Despite being extensively invaded by the Romans, and more recently Londoners snapping up second homes, West Sussex has thankfully retained plenty of its character.
The South Downs are a wooded ripple across the middle of the county, offering good walking and views to the coast, where creeks and harbours hide waterside villages and the odd ice cream van. Classic events like horseracing and the Festival of Speed at Goodwood or the polo at Cowdray Park are tempered by simpler pleasures such as walking in woods carpeted with bluebells or having a beer in a fine country pub. In this varied landscape, places to hang your hat are also a mixed bunch.
Left over from days when folk went shrimping in Bognor for their annual escape, there is a sea of no-nonsense coastal guesthouses that do a brisk trade for the bucket-and-spade brigade. At the other end of the scale, five-star country piles abound, where former Lords and Ladies peer from their canvas haunts at corporate types having a pow-wow or girlfriends relaxing into the fluffy robes of a spa package. And, except for Brighton, which deserves a list all to itself, the green, pleasant countryside is where our top ten hotels were discovered; interestingly none are by the sea.
The hotels are listed by price category and their order bears no reflection on our preference.
Luxury: Oak-panelled cosiness and fine dining.
Location: Cuckfield; close to vineyards and gardens worth a visit.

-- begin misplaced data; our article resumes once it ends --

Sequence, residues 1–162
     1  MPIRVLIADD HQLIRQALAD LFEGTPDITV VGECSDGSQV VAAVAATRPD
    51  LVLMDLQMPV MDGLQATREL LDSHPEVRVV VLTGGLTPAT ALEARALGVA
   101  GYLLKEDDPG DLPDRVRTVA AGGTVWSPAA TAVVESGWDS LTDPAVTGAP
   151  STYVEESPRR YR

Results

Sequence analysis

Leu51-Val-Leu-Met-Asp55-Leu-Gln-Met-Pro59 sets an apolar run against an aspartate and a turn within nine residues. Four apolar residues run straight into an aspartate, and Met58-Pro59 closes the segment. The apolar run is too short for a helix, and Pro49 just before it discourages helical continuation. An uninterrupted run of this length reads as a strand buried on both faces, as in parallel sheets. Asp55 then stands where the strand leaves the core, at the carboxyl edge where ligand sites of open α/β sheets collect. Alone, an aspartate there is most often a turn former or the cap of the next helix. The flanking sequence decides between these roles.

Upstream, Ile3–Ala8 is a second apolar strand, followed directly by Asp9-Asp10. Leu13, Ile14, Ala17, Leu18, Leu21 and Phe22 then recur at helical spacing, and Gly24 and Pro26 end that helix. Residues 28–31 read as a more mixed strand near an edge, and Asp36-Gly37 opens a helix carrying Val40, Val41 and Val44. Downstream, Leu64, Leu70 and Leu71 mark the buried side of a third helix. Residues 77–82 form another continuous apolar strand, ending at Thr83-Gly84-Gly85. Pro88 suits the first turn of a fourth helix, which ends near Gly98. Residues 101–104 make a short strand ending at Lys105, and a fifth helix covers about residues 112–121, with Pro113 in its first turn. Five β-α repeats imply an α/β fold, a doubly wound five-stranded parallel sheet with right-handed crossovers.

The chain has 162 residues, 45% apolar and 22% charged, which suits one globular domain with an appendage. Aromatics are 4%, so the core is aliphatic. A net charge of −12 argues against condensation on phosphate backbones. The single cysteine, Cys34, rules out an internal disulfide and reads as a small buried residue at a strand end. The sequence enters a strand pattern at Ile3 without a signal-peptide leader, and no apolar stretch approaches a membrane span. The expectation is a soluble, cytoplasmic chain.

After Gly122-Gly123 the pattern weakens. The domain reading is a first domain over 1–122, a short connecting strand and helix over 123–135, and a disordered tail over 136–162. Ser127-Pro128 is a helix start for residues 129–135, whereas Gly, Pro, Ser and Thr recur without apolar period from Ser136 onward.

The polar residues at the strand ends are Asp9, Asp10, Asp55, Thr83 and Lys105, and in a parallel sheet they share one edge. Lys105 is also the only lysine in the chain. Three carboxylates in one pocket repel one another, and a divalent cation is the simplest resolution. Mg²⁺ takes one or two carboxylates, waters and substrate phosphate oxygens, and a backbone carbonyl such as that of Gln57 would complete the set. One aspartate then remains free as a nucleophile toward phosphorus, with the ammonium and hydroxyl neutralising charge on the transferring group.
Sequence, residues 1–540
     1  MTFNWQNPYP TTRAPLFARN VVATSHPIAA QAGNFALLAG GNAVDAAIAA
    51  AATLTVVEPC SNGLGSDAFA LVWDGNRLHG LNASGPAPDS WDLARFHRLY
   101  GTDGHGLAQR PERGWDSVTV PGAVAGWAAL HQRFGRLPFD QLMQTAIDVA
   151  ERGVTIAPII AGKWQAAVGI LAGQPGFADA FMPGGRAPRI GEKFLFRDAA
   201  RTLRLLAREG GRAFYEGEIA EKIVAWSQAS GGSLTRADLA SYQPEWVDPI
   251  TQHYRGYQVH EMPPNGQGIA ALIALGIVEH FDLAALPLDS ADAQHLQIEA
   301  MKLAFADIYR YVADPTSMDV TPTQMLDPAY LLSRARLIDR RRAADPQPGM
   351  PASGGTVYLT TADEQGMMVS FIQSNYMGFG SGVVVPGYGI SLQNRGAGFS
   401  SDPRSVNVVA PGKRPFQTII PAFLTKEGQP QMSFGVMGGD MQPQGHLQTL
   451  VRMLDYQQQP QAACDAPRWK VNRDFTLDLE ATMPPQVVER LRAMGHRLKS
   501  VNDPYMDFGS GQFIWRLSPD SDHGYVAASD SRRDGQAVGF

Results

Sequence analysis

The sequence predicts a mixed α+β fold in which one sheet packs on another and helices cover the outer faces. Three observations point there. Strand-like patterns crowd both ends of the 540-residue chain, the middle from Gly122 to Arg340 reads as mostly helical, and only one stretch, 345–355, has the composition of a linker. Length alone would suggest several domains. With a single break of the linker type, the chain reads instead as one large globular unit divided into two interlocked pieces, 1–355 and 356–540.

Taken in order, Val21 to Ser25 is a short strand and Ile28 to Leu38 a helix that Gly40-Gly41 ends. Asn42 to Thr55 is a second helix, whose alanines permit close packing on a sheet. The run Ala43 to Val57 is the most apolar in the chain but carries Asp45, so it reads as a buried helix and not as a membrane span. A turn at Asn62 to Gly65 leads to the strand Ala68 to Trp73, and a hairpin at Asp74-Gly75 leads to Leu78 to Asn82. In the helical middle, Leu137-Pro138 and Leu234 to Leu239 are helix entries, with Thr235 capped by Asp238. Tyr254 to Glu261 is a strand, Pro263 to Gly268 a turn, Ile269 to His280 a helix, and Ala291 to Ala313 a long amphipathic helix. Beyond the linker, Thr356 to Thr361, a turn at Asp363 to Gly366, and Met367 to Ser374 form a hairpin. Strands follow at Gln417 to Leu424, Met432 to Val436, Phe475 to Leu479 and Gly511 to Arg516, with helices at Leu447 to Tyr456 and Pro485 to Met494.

One of the last of the great, unchanged English country house hotels: privately owned, passionately cared for, timeless. Service is old school, fuelled by kindness and commitment. Decoration is old fashioned but full of character with very pretty bedrooms and interesting details. The modern British cooking is Michelin starred, the house an Elizabethan gem and William Robinson's garden highly important. A treasure, perfectly placed for visiting the many fine gardens in the area.
Luxury: An imposing country mansion where you might just as easily bump into Poirot or Posh.
Location: Turners Hill; close to Crawley and Gatwick airport and set in 170 acres of parkland.
The high ceilings and classic feel of the handsome old building blend seamlessly with the new wing, which expanded the tally of well-furnished rooms to 38 and added an impressive spa and pool. We like the excellent staff and less formal Reflections Brasserie, where the Monkfish with Thai red curry sauce is superb. Finish with a liqueur by the fire in the Library in winter.
Mid Price: A traditional family house with timeless floral décor.
Location: Bepton; set in lovely, peaceful grounds, at the foot of the South Downs and burn off breakfast exploring the numerous trails of the undulating estate.
This atmospheric family house has kept its spirit - after reading the papers in the Drawing room for ten minutes you want to tell the staff to take the rest of the day off. The bar, full of pictures of visiting Thespians and polo players, has window seats looking out over two lawn tennis courts, a small golf course and the tree-lined ridge of the Downs. There is a heated outdoor pool and the showers are seriously invigorating.
Mid Price: two compact, luxurious suites with contemporary chic in a clever little annexe.
Location: Midhurst; just outside the market town, Cowdray Park over the road.
A pair of quiet, stylish sanctuaries set in the charming village of Easebourne, this is a B&B with designer credentials. The garden is ideal for summer drinks and the house is only a scenic five-minute drive from the Halfway Bridge Inn, a country pub with excellent fish and game dishes. But save room for Felicity's legendary breakfast, where hand-cooked muesli and slices of fresh fruit are chased by the best eggs and bacon in the county.